Say you have a bunch of old VHS tapes lying around, on which you’ve recorded various episodes of Buffy the Vampire Slayer and Angel.
Or a drawer full of empty CD jewel cases.
A bunch of old Zip disks perhaps?
How 1995 of
All of this junk takes up a lot of space, recycling won’t take the jewel cases, and even though the information is old, there still may be personal information on the zip disks which I wouldn’t want to just toss in the trash.
Enter GreenDisk. For $6.95 per box plus the cost of shipping, you can get rid of 20 pounds of various types of TechnoTrash. If the box is heavier than 20 lbs., you pay an additional $.30 per pound, or you can purchase their Technotrash Can (starting at $29.95) which includes shipping costs.
Here is a complete list of what they will accept:
- All forms of electronic media and their cases: diskettes, zip disks, CDs, CD-Rs, CD-RWs, DVDs et al, video tape (i.e. VHS), audio tape, game cartridges, DAT, DLT, Beta or Digibeta, and virtually all other type of computer tapes.
- Hard drives, Zip and Jazz drives, jump drives, etc.
- All forms of printer cartridges including both inkjet and toner.
- All types of cell phones, pagers, PDAs and their chargers, cables, and headset accessories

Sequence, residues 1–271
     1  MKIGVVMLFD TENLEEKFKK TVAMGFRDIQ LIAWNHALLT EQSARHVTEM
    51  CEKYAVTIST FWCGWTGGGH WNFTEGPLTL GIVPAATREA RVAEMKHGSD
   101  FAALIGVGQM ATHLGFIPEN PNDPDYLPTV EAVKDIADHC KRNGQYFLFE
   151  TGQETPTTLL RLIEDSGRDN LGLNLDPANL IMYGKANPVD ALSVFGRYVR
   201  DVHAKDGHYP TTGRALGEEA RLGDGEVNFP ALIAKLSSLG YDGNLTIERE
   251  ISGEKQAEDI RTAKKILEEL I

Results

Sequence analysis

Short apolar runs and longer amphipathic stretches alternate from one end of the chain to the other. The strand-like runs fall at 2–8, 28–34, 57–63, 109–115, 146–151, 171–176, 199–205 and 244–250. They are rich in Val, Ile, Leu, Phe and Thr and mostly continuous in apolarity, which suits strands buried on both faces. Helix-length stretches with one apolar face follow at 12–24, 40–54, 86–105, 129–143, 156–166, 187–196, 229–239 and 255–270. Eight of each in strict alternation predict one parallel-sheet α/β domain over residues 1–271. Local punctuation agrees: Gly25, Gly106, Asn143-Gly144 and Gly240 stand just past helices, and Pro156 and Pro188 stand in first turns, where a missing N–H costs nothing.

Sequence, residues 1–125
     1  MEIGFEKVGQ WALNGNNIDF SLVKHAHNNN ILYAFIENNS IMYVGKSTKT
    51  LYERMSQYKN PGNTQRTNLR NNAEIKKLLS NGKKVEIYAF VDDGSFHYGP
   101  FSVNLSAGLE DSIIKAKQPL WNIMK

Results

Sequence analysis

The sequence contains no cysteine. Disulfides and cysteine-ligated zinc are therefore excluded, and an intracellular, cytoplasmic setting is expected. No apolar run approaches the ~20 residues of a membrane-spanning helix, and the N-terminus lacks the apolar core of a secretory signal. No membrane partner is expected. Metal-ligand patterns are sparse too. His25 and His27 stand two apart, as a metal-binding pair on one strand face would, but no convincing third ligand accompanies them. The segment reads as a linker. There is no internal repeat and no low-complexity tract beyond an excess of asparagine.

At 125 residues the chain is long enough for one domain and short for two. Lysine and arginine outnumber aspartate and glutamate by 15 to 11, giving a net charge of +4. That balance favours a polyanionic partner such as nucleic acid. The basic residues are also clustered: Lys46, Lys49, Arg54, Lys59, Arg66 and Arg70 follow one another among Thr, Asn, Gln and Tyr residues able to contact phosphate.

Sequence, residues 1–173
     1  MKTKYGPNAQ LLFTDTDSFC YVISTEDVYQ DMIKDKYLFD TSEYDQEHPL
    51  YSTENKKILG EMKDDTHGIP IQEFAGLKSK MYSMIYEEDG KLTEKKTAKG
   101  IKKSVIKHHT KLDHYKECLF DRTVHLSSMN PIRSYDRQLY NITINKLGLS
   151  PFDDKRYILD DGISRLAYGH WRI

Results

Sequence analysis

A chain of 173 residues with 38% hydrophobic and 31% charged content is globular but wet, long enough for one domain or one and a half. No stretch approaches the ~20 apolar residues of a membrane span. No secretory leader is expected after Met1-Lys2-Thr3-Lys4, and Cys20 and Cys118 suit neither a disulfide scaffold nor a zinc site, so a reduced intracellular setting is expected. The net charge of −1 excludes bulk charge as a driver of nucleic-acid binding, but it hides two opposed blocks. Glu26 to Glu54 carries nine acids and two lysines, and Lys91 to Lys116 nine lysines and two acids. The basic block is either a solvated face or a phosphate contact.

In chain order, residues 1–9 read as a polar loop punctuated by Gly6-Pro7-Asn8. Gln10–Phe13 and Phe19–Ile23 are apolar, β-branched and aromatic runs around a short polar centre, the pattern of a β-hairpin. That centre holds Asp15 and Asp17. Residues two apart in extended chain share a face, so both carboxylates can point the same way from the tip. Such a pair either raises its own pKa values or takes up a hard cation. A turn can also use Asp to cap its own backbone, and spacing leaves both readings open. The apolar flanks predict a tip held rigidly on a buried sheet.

- All types of rechargeable batteries (not regular alkaline ones) and their chargers
- All of the cords, cables, boards, chips, etc. attached to or removed from a computer.
- All of the small computer accessories such as MP3 players, iPods, digital cameras, hand-held scanners, handheld games and other connected devices. (Technotrash Can Only)
- Laptop computers. (Technotrash Can Only)
Regarding the information contained on disks, tapes and such, according to their website:
When you recycle with GreenDisk all information on any of your electronic media is destroyed. Magnetic media (hard drives, floppy disks, Zip disks, computer or video tape, PDAs, cell phones) are degaussed (magnetically erased) to destroy every scrap of data. CDs, DVDs and similar plastic media are shredded. Then, for your records, we send you a certificate of destruction supported by an audit trail report that demonstrates compliance with regulatory requirements, company policies or just your own personal preferences.
While some people may scoff at having to pay anything since the company is making money off the precious metals and other material found in computer equipment, I’m happy to pay the nominal fee to get rid of it in an earth-friendly, responsible way after letting all this stuff accumulate in our house for years now.
Take my TechnoTrash, please!